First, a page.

Michelle Gomez, a friend of Switzer's, testified she and Switzer met at 9:00 a.m. on Friday, March 27, and drove to Lincoln, Nebraska, to attend a cat show. They did not return until Monday due to snowy roads. Glenn Floerke of Lincoln testified he and his wife spent Friday evening with Switzer and Gomez until after midnight. Gomez testified it would not have been possible for Switzer to return to Topeka before Monday without her knowledge. She and Switzer were not apart for any significant amount of time and they had traveled to Lincoln in her car, to which she kept the keys. This scenario, coupled with the times established by the victim, would eliminate Switzer from blame for the tape and inferentially from being the rapist.

At trial, the victim changed her testimony from that at the preliminary hearing and said she could not remember whether she had checked the mail on Friday. This would allow for the possibility that Switzer put the tape in her mailbox before he left for Lincoln with Gomez.

Two weeks after the preliminary hearing, at which she identified Switzer as her assailant, the victim found the words "Your [sic] Dead" painted on her door.

The evidence against Switzer at trial was as follows: The victim testified she was certain of her identification. She said she recognized Switzer by his height, weight, potbelly, heavy jowls; his hair color, texture, and hairline; and his voice in terms of calmness, volume, pitch, and timbre. Male chest hair and animal hair were found in the bedroom; the victim kept no pets. Switzer had hair on his chest and spent a lot of time at the home of *453 Gomez, who kept nine cats. The victim's address was among those for which Switzer was responsible as a letter sorter at the postal service.

There was evidence, on the other hand, in Switzer's favor: Hair and seminal fluid analysis provided no evidence Switzer was the assailant. He had never before been accused of any sort of crime. Switzer testified he did not commit the crimes for which he was charged, or the harassing acts which followed. He testified he was with his estranged wife, Carol Switzer, on the night of November 18 until 9:30, when he went to work. He began work that night at 10:05 p.m. Switzer testified he had worn glasses since he was five years old and was never without them. He said he had never worn contact lenses. He testified he always wore cowboy boots which he could not remove while standing up. He said he had tried jogging shoes once or twice but did not like the way they felt. He said he had been told "more times than I can count" that he had a noisy, shuffling gait. He testified personal hygiene was important to him, and that he bathed once or twice a day.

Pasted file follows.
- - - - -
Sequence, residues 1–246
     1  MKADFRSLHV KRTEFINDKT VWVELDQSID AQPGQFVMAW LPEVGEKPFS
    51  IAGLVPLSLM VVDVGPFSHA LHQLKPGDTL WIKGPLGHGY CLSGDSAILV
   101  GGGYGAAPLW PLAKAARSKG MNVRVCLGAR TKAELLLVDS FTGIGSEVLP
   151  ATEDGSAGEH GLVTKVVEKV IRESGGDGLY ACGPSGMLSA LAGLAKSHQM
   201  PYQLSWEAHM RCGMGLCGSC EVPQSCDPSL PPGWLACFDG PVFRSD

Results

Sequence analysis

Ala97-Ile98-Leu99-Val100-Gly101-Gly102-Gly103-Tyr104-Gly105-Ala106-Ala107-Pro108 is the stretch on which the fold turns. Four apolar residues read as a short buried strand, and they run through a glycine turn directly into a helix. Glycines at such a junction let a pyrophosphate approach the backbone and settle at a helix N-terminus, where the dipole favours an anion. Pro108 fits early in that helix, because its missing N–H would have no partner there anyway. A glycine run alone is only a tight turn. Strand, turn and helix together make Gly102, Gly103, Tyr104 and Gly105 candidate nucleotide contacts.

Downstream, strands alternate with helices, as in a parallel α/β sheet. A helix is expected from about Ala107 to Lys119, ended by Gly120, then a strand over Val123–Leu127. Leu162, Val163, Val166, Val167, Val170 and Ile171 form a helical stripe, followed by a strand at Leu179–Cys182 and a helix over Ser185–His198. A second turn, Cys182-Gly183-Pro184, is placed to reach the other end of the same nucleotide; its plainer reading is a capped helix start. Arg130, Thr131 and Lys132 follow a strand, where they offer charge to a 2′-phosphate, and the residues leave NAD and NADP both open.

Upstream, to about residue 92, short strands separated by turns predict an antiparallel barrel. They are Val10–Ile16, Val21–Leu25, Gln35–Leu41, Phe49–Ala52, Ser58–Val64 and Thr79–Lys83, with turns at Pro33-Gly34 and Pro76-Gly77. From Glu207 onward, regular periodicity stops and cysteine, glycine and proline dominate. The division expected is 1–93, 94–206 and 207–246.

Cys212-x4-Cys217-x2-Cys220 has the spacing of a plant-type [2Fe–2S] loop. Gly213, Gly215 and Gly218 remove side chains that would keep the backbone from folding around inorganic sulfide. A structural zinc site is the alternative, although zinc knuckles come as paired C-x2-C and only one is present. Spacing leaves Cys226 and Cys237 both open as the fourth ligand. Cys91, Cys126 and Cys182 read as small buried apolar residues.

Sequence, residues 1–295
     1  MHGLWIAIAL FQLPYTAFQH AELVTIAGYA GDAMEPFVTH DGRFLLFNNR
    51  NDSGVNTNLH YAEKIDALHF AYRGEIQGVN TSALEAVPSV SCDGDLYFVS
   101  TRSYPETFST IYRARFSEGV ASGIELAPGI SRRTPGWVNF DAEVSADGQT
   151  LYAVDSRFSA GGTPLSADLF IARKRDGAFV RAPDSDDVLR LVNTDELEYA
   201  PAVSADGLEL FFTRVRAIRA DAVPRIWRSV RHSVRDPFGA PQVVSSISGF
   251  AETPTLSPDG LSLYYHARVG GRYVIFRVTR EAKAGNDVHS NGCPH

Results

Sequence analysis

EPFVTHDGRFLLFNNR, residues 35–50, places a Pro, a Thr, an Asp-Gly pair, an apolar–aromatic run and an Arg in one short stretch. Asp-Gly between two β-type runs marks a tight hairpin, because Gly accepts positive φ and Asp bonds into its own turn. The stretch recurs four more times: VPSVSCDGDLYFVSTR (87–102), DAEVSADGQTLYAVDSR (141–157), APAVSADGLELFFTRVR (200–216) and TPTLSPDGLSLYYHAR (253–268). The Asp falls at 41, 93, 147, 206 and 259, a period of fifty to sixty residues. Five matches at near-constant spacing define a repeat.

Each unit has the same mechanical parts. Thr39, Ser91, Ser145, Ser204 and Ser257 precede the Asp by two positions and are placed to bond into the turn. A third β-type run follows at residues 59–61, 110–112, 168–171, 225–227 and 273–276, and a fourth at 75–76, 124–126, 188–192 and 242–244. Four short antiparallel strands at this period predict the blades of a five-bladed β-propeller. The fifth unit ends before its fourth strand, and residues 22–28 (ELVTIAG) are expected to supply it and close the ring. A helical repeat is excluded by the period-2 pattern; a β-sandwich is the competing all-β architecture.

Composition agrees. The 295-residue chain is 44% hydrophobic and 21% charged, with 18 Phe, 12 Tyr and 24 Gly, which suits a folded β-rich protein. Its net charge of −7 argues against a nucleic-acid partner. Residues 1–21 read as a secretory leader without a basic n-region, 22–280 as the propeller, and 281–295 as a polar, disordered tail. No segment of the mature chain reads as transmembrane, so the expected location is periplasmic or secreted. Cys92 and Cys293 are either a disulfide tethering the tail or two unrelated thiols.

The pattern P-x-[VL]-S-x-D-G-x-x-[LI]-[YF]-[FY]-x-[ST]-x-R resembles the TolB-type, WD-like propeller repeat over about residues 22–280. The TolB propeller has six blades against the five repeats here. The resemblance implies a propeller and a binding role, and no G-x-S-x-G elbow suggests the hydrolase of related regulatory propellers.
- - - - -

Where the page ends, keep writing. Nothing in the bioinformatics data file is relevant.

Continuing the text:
Carol Switzer testified she specifically remembered having dinner at Hunam's Restaurant with Switzer the night of November 18 because they were celebrating her birthday. She testified Switzer did not leave for work until 9:30 p.m. She testified he did not have an offensive odor and was, as always, wearing his glasses.

Switzer's optometrist testified Switzer's vision required him to wear eyeglasses, and he had no knowledge that Switzer had ever worn contacts. Several people, including Switzer's former co-workers and his stepdaughters, testified Switzer did not have offensive body odor.

Former co-workers testified they could always tell when Switzer was approaching because he shuffled his boots when he walked. They also testified Switzer would not have access to change of address information. They further testified letter sorters handle 50 letters per minute. The letter stops for an instant in front of the sorter via an arm on the sorting machine. In that instant the sorter must read the address and key the letter to the correct carrier before the letter disappears into another section of the machine outside the sorter's area. It would thus be difficult to recognize and memorize a specific address.

*454 Switzer himself, however, said that although he did not have access to change of address information, if someone in his area had moved but was still within his zone, he could recognize that fact by the yellow change-of-address sticker on the envelope. There was also evidence the employees sometimes hand-sorted mail, at which time they could pause to note a new address if it happened to come through and they were interested.

The court denied Switzer's post-conviction motion for a new trial where he claimed insufficient evidence to support his convictions.

Switzer argues the prosecution's evidence was insufficient because it primarily consisted of the victim's eyewitness identification. In State v. Warren, 230 Kan. 385, 389, 635 P.2d 1236 (1981), we acknowledged that "the unreliability of eyewitness identification and the conviction of innocent people as a result thereof has been a matter of concern for the judiciary." Switzer cites some of the sources used in our discussion in Warren, in which we held refusal to accept expert testimony on the unreliability of eyewitness identification is within the trial court's discretion, but a cautionary instruction may be required where eyewitness identification is critical and there is a serious question as to the identification.

The hazards of eyewitness identification of a stranger have been recognized by the United States Supreme Court. See United States v. Wade, 388 U.S. 218, 228, 18 L. Ed. 2d 1149, 87 S. Ct. 1926 (1967). Fishman and Loftus, in their article, Expert Psychological Testimony on Eyewitness Identification, 4 Law & Psychology Rev. 87, 92 (1978), state that extreme stress decreases the reliability of eyewitness testimony.

Fishman and Loftus also find that, once a person has committed himself or herself to a description, the person is likely to adhere to it, and the more often he or she repeats it, the less likely he or she is to doubt it. 4 Law & Psychology Rev. at 92. The degree of certainty demonstrated by a witness has been statistically shown to have no correlation with the accuracy of the identification. See studies cited in People v. McDonald, 37 Cal. 3d 351, 369, 208 Cal. Rptr. 236, 690 P.2d 709 (1984). In contradiction, Warren, 230 Kan. at 390, suggests certainty as one of five factors to be considered in testing reliability of eyewitness identification.